Drone use

Newcastle City Council is receiving increasing numbers of enquiries about the use of drones in the city. Drones may be also be referred as Unmanned Aerial Vehicles (UAV), Small Unmanned Aircraft (SUA) or Unmanned Aerial Systems (UAS).

The City Council's View

The City Council has taken the view that it will refuse any request made for recreational or commercial purposes as a land owner on any land owned or operated by the City Council. To make it clear consent shall not be given for drones overflying the highway. 

Legislation

All civil aircraft flying in the United Kingdom are subject to the Civil Aviation Act 1982. This Act gives power to the Secretary of State to make secondary legislation referred to as Air Navigation Orders.

Civil Air Authority

If your drone is over 250 grams and you'll be flying outside, then by law you also need to register with the CAA. Rather than registering the drone, the CAA record the adult that will be responsible for the drone itself. It costs £9 per drone owner and the process can be done very quickly and simply at https://register-drones.caa.co.uk/

Anyone who is going to be flying the drone needs to look at the online education package at the same website, and pass a short multiple-choice test to get their flyer ID. As well as being a legal requirement, the information will help set you up as a safe drone flyer and provide you with invaluable information to make you more confident with your drone.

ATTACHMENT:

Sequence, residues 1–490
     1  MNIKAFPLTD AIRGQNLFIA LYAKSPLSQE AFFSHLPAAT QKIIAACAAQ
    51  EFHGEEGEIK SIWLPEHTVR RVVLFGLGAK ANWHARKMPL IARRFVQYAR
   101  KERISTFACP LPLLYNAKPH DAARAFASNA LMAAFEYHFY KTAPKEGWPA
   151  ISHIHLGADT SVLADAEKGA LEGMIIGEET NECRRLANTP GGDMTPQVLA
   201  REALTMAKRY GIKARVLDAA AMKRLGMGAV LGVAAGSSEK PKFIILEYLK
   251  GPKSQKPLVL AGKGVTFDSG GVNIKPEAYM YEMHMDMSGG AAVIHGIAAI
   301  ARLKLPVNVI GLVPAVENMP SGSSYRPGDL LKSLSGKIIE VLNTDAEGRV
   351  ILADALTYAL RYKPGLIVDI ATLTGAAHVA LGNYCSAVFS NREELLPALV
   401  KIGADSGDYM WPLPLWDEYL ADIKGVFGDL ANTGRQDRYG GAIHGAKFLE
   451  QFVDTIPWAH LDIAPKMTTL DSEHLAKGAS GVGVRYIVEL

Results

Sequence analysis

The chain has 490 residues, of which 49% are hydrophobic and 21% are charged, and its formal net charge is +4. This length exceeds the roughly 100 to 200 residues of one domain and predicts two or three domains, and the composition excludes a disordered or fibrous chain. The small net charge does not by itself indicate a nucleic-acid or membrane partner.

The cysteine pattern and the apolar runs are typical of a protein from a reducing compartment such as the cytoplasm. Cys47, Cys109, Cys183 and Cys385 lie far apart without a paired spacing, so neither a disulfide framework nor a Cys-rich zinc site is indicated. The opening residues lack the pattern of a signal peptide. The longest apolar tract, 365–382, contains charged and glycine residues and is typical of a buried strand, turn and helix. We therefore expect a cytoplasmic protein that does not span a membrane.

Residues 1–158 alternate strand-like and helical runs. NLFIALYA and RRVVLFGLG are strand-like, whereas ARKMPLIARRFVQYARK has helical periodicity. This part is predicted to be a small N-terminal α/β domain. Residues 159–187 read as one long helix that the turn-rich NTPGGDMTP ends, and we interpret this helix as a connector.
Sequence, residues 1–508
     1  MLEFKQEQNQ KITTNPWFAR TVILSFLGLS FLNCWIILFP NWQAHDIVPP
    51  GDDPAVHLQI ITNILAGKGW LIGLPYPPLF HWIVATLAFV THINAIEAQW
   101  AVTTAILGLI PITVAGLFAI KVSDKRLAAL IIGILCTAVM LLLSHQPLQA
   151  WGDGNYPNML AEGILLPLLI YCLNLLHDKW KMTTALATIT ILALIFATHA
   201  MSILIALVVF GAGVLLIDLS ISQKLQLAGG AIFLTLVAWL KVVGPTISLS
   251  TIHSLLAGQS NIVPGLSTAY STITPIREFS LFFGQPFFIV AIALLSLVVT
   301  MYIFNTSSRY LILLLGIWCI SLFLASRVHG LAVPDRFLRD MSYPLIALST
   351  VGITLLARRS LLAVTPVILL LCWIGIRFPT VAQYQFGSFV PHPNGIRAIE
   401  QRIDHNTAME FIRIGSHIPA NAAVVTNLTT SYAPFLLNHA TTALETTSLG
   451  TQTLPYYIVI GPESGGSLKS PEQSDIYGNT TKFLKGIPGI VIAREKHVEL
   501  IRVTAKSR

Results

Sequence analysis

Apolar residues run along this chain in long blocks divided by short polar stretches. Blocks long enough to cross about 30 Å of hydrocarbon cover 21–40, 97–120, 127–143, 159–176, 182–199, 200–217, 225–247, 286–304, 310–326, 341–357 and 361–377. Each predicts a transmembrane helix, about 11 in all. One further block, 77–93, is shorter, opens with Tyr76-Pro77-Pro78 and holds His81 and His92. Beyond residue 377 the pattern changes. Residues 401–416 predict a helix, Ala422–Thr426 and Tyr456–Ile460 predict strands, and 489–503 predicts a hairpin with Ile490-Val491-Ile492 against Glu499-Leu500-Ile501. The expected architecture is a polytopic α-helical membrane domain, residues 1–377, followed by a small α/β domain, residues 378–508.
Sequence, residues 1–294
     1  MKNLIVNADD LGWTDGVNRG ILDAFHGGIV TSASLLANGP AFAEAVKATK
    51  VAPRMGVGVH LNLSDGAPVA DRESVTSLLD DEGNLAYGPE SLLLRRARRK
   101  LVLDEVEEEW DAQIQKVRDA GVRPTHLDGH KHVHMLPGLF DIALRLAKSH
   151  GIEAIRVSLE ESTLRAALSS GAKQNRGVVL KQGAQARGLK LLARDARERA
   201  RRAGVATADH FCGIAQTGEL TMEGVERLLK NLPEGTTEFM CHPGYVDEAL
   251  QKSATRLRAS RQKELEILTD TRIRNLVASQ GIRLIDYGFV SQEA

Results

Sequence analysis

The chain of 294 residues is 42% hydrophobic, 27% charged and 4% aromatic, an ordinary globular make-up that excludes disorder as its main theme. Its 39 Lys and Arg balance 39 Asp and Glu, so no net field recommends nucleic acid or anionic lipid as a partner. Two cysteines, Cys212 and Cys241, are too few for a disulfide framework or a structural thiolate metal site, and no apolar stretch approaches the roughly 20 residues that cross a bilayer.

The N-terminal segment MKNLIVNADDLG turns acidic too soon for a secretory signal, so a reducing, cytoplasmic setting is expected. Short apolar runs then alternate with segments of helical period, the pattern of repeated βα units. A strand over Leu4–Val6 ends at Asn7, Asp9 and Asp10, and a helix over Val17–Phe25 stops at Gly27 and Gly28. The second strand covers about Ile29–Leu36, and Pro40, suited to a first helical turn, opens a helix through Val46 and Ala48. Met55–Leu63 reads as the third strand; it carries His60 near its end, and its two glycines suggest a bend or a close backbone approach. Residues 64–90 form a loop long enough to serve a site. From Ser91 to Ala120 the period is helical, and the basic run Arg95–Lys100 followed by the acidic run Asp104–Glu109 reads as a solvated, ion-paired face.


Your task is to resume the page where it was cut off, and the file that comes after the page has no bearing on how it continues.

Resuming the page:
You can always refer back to the safety information in the Dronecode, as this provides all the basic safety rules and advice that you need to comply with. Key to this, is remaining below 400ft (120 Metres), keeping clear of aircraft and airfields, and not flying too close to people and property.

There is a fine of up to £1,000 for anyone found guilty of not complying with the drone registration requirements.

The CAA permission only addresses the flight safety aspects of the flight operation and does not constitute permission to disregard the legitimate interests of other statutory bodies such as Northumbria Police and the other Emergency services and the Highway Agency.

Filming

Recording images of people without their consent could be construed as a breach of the Data Protection Act 1998 or the CCTV code of practice. The Information Commissioner's Office makes the distinction between 'hobbyists' and individuals/organisations who use the drones for professional/commercial purposes. However the CCTV Code of Practice states that "it will be good practice for domestic users to be aware of the potential privacy intrusion which the use of UAS can cause to make sure they are used in a responsible manner".

Please note: This information has no legal force and is not an authoritative interpretation of the law, which is a matter for the Courts. It is intended to help individuals and businesses to understand in general terms, the main features of the legislation. The information is not a substitute for the legislation and you should refer to the text of the legislation for a full statement of legal requirements and obligations. Where appropriate, you should seek your own independent legal advice.

For further information, please contact Public Safety, Regulation and Development, City of Newcastle upon Tyne, Civic Centre, Newcastle upon Tyne, NE1 8QH. Email: psr@newcastle.gov.uk

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